22a   Countless heads of rebel insurgents are discovered behind well (6)

24a   Beat a Tibetan monk (4)

26a   Stubborn soldier – after power - returned and was in charge (3-6)

27a   Cut off top of noisome flower (6)

The setter uses flower in a whimsical cryptic crossword sense meaning something that flows — in other words, a river.

The Severn[5] is a river of SW Britain. Rising in central Wales, it flows north-east then south in a broad curve for some 290 km (180 miles) to its mouth on the Bristol Channel.

28a   Before opening of theatre you must arrange clean knife (6)


2d   Cook has his order for Root (11)

3d   One cat or 16 for a pound (5)

4d   Plant’s poor drainage (8)

5d   The Sun is said to be  what Man Utd fans buy? (3-3)

I suppose that red is an appropriate colour for this clue. I wrongly guessed that the solution might be RED-HOT, thinking that a red-hot might be some sort of food sold at soccer stadiums.

In Britain, a tabloid newspaper is known as a red top[5] (from the red background on which the titles of certain British newspapers are printed).

Manchester United Football Club[7] (often referred to as Man Utd in newspaper headlines) is an English professional football [soccer] club, based at Old Trafford [football stadium] in Old Trafford [district of Manchester], Greater Manchester, that plays in the Premier League (the top level in the English football league system). The team's home uniform consists of a red top and white shorts [and a large commercial endorsement].

6d   The first animals to be included in the dictionary? (9)

7d   Chap lacking hint of sun won’t! (3)

It is highly unlikely that STAN could TAN in the absence of Sun.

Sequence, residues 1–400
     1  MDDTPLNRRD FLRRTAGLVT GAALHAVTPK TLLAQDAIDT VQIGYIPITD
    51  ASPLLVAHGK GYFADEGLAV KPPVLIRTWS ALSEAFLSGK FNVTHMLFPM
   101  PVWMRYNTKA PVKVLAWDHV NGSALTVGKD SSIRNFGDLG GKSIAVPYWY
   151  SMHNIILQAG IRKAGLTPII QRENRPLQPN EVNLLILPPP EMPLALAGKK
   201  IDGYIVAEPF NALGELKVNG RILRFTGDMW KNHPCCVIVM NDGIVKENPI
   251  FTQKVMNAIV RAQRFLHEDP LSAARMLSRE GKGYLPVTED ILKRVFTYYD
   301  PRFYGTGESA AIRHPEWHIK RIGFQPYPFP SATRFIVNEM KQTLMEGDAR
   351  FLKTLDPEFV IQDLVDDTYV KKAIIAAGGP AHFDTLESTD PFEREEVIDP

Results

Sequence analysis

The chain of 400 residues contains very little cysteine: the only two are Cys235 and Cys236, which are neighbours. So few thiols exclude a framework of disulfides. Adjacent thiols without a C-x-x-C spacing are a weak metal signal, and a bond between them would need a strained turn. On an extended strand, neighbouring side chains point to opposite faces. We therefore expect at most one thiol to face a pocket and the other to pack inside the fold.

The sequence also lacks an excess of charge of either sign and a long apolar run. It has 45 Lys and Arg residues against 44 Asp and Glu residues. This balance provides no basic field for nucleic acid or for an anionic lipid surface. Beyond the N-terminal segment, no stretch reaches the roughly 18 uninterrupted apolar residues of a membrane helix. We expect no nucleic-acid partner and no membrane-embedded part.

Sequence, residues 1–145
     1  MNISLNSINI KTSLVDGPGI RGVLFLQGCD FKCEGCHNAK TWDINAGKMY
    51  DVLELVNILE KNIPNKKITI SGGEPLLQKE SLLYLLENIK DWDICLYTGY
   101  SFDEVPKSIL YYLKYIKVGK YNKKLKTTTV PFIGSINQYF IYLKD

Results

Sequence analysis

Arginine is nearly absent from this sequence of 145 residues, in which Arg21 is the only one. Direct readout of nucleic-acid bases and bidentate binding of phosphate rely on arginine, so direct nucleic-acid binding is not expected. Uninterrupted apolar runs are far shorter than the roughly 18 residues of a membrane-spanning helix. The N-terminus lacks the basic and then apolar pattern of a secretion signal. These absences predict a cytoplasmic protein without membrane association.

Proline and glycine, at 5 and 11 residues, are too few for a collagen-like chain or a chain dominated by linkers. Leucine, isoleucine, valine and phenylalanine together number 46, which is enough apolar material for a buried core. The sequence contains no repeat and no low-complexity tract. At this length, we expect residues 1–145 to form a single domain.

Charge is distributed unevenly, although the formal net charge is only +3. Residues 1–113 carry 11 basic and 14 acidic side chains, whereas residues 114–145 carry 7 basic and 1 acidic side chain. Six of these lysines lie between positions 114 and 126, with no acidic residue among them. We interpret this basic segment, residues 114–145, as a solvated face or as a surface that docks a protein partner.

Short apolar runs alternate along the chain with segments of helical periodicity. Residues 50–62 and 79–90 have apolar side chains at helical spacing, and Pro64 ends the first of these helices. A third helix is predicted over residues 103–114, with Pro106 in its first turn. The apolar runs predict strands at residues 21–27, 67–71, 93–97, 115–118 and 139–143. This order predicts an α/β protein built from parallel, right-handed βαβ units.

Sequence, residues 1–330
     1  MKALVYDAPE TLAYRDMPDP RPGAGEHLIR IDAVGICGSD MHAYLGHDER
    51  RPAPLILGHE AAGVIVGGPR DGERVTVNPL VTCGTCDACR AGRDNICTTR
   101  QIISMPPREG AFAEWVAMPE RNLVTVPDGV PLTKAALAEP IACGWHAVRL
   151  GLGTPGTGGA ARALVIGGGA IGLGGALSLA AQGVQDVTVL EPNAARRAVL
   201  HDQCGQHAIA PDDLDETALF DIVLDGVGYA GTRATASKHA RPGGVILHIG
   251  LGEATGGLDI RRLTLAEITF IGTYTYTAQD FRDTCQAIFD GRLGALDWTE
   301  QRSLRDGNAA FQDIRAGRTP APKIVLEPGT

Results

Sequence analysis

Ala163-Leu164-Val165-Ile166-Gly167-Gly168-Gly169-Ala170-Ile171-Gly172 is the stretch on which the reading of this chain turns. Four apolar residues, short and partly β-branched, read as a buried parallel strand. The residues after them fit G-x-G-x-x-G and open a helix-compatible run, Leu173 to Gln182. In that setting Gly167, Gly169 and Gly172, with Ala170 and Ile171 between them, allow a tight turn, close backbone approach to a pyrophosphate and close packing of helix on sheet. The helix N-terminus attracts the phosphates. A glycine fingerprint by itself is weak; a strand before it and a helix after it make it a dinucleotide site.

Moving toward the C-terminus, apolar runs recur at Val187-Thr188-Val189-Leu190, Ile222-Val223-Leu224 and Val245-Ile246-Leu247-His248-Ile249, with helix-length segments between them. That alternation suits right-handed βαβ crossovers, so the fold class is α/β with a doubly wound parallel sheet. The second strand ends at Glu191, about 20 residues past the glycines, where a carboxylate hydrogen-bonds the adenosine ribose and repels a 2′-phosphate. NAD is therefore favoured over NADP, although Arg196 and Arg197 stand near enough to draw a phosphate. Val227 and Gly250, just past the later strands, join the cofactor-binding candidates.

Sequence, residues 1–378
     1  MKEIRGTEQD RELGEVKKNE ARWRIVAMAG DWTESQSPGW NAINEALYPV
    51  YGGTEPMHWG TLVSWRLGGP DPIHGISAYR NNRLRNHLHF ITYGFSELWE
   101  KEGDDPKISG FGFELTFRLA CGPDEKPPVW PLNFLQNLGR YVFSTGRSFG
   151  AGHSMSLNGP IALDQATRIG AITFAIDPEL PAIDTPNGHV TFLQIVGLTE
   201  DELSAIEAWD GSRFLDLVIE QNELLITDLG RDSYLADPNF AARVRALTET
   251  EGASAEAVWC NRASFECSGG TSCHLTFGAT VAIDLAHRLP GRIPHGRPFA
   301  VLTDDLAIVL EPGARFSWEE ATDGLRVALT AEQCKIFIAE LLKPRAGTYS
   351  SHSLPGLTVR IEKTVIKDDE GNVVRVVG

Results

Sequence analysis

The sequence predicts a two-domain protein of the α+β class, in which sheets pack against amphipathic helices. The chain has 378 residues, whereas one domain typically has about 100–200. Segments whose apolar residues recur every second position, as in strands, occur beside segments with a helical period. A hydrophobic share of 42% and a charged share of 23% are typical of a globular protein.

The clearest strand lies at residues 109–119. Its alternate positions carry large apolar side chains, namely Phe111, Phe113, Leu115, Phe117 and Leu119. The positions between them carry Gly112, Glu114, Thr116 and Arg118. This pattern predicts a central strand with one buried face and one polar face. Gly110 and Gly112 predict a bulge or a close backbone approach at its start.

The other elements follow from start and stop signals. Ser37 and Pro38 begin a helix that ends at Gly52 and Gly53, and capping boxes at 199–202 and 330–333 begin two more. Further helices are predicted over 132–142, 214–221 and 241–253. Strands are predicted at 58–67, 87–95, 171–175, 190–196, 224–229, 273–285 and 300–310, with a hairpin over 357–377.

8d   Extremists cut finger and nail off (7,6)

13d   Desperate Cameron goes round with Liberal – Sparks will fly from this! (5,6)

The wordplay is an anagram (desperate) of CAMERON containing (goes around) {AND (with) + L (Liberal)}.

David Cameron[5] is a British Conservative statesman, Prime Minister since 2010 (in coalition with the Liberal Democrats); full name David William Donald Cameron.

The Liberal Party[5] in Britain emerged in the 1860s from the old Whig Party and until the First World War was one of the two major parties in Britain. In 1988 the party regrouped with elements of the Social Democratic Party to form the Social and Liberal Democrats, now known as the Liberal Democrats; a small Liberal Party still exists. Although I believe that Lib.[5] may be the more common abbreviation for the party, Chambers 21st Century Dictionary indicates that L[2] may also be used.

15d   Slender cardinal you texted in a gallery (9)

Here, attenuate[5] is an adjective (a rarely seen usage) meaning reduced in force, effect, or physical thickness the doctrines of Christianity became very attenuate and distorted.